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If x+|x|+y=7 and x+|y|-y=6 what is x+y=?

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If x+|x|+y=7 and x+|y|-y=6 what is x+y=?  [#permalink]

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New post Updated on: 18 Feb 2013, 06:57
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If x+|x|+y=7 and x+|y|-y=6 what is x+y=?

A. 1
B. -1
C. 3
D. 5
E. 13

Originally posted by guerrero25 on 18 Feb 2013, 06:54.
Last edited by Bunuel on 18 Feb 2013, 06:57, edited 1 time in total.
Renamed the topic and edited the question.
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Re: If x+|x|+y=7 and x+|y|-y=6 what is x+y=?  [#permalink]

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New post 18 Feb 2013, 07:25
22
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guerrero25 wrote:
If x+|x|+y=7 and x+|y|-y=6 what is x+y=?

A. 1
B. -1
C. 3
D. 5
E. 13


If x<0 and y<0, then we'll have x-x+y=7 and x-y-y=6. From the first equation y=7, so we can discard this case since y is not less than 0.

If x>=0 and y<0, then we'll have x+x+y=7 and x-y-y=6. Solving gives x=4>0 and y=-1<0 --> x+y=3. Since in PS questions only one answer choice can be correct, then the answer is C (so, we can stop here and not even consider other two cases).

Answer: C.
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Re: If x+|x|+y=7 and x+|y|-y=6 what is x+y=?  [#permalink]

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New post 24 Feb 2013, 00:59
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There can be only four different cases:

Case 1: x<0 , y>0
If this is true then |x| = -x & |y|= y
Equation would bcom : x-x+y = 7 & x+y-y=6 , which means y=7 & x= 6 which can not be true as we assumed x<0, thus rejected

Case 2 : x<0 , y<0
If this holds trues then |x| = -x & |y|=- y
Equation would bcom : x-x+y = 7 & x-y-y=6 , which means y=7 & x= 20 which can not be true as we assumed x<0,y<0 thus rejected

CASE 3 : x>0 , y >0
If this holds trues then |x| = x & |y|= y
Equation would bcom : x+x+y = 7 & x+y-y=6 , which means y=-5 & x= 6 which can not be true as we assumed ,y>0 thus rejected

Case 4 : x>0, y <0
If this holds trues then |x| = x & |y|=- y
Equation would bcom : x+x+y = 7 & x-y-y=6 , solving these equations we get y=-1 & x= 4 which can be true as it meets our assumption of x>0 & y<0, thus accepted

therefore answer x+y= 4-1= 3 hence C.
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Re: If x+|x|+y=7 and x+|y|-y=6 what is x+y=?  [#permalink]

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New post 18 Feb 2013, 07:22
2
2
guerrero25 wrote:
If x+|x|+y=7 and x+|y|-y=6 what is x+y=?

A. 1
B. -1
C. 3
D. 5
E. 13


for x>0 ; y>0 => x=6, y=-5 ------ [1]
for x>0 ; y<0 => x=4, y=-1 => x+y = 3 -------- [2]
for x<0 ; y>0 => x =6, y=7 ----------- [3]
for x<0, y<0 => y=7, x =20 ----------- [4]

Hence, x+y = 3
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Re: If x+|x|+y=7 and x+|y|-y=6 what is x+y=?  [#permalink]

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New post 18 Feb 2013, 08:28
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Bunuel wrote:
guerrero25 wrote:
If x+|x|+y=7 and x+|y|-y=6 what is x+y=?

A. 1
B. -1
C. 3
D. 5
E. 13


If x<0 and y<0, then we'll have x-x+y=7 and x-y-y=6. From the first equation y=7, so we can discard this case since y is not less than 0.

If x>=0 and y<0, then we'll have x+x+y=7 and x-y-y=6. Solving gives x=4>0 and y=-1<0 --> x+y=3. Since in PS questions only one answer choice can be correct, then the answer is C (so, we can stop here and not even consider other two cases).

Answer: C.

Hi Bunuel
Adding both eqn we get 2x +IxI+IyI = 13
Now considering X <0 and y>0
2x-x +y = 13
we get x+y =13
Hence answer should be E

Correct me if i am wrong!!!

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Re: If x+|x|+y=7 and x+|y|-y=6 what is x+y=?  [#permalink]

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New post 18 Feb 2013, 08:37
2
Archit143 wrote:
Bunuel wrote:
guerrero25 wrote:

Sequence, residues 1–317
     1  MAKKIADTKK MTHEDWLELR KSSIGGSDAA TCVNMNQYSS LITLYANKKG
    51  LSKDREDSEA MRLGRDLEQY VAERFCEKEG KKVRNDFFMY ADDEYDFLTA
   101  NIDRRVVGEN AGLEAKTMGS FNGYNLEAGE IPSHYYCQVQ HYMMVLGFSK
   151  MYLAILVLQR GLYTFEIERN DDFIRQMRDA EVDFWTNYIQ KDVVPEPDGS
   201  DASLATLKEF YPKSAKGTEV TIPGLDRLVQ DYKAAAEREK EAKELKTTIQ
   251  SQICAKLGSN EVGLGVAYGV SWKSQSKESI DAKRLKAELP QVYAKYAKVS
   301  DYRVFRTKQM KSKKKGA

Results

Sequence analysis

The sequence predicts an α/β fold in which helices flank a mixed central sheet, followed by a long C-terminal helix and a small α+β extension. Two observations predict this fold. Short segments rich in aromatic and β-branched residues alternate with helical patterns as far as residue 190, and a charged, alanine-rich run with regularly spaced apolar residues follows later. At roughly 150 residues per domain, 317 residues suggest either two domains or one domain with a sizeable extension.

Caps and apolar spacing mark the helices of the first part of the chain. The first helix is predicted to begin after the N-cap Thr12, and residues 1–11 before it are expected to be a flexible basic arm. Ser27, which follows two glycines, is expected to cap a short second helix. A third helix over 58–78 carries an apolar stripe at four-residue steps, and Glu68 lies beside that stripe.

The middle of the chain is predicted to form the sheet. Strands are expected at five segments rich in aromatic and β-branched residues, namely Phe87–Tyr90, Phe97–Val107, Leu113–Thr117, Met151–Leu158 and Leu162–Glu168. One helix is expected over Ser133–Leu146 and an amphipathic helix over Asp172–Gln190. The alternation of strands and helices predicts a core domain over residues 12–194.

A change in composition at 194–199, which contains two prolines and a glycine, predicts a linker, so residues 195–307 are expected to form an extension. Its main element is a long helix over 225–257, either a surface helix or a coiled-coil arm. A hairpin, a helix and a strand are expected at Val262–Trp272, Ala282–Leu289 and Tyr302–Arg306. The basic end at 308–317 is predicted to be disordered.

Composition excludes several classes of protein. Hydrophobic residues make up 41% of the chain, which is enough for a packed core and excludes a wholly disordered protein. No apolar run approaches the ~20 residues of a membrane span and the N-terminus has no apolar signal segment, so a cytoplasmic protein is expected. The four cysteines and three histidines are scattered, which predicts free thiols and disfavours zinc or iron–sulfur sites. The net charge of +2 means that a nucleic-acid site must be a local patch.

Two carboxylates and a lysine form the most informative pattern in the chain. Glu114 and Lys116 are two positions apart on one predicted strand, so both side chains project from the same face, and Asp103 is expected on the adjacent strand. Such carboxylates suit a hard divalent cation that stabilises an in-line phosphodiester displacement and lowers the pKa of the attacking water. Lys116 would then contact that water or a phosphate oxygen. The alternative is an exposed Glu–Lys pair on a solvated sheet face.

If x+|x|+y=7 and x+|y|-y=6 what is x+y=?

A. 1
B. -1
C. 3
D. 5
E. 13


If x<0 and y<0, then we'll have x-x+y=7 and x-y-y=6. From the first equation y=7, so we can discard this case since y is not less than 0.

If x>=0 and y<0, then we'll have x+x+y=7 and x-y-y=6. Solving gives x=4>0 and y=-1<0 --> x+y=3. Since in PS questions only one answer choice can be correct, then the answer is C (so, we can stop here and not even consider other two cases).

Answer: C.

Hi Bunuel
Adding both eqn we get 2x +IxI+IyI = 13
Now considering X <0 and y>0
2x-x +y = 13
we get x+y =13
Hence answer should be E

Correct me if i am wrong!!!

Archit


OA is C, not E, so yes your solution is not correct.

If x<0 and y>0, then we'll have x-x+y=7 and x+y-y=6. From the second equation x=6, so we can discard this case as y here is not more than 0.
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Re: If x+|x|+y=7 and x+|y|-y=6 what is x+y=?  [#permalink]

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New post 18 Feb 2013, 09:23
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Hi Bunuel
Is there any specific reason for applying x<0 and y>0 separately to the equation. I mean the signs could have been applied to the sum of both equations.
Another question , why did you not apply the both the signs to one equation only...

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Re: If x+|x|+y=7 and x+|y|-y=6 what is x+y=?  [#permalink]

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New post 18 Feb 2013, 20:57
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guerrero25 wrote:
If x+|x|+y=7 and x+|y|-y=6 what is x+y=?

A. 1
B. -1
C. 3
D. 5
E. 13


You can also solve this question using some brute force.

Notice x+|y|-y=6
The first thing that comes to mind is that if y is positive or 0, x = 6. But when we put x = 6 in x+|x|+y=7, we get y negative. So y cannot be positive or 0. y must be negative. So, x+|y|-y=6 becomes x - 2y = 6

Since most options are positive values, it is very likely that x is positive so x+|x|+y=7 becomes 2x+y = 7. You can obtain 7 by subtracting 1 from 8.
If x = 4 and y = -1, both equations are satisfied.
So x+y = 4 - 1 = 3

Answer (C)
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Re: If x+|x|+y=7 and x+|y|-y=6 what is x+y=?  [#permalink]

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New post 18 Mar 2013, 12:28
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VeritasPrepKarishma wrote:
y must be negative. So, x+|y|-y=6 becomes x - 2y = 6


I don't understand the reasoning behind this statement.

If y is negative, then x+|y|-y=6 becomes x +|-y|-(-y)=6 therefore x + y + y = 6 finally becomes x +2y=6

The absolute value of a negative integer is a positive value, and the subtraction of a negative integer results in an addition.

What am I missing?